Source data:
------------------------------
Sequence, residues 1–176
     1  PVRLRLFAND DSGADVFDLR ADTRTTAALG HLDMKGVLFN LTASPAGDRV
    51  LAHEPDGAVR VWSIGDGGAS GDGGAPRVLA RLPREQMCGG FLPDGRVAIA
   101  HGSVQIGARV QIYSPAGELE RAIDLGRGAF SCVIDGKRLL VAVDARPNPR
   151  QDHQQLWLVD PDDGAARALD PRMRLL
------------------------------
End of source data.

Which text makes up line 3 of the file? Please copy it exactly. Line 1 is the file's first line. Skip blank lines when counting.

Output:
    51  LAHEPDGAVR VWSIGDGGAS GDGGAPRVLA RLPREQMCGG FLPDGRVAIA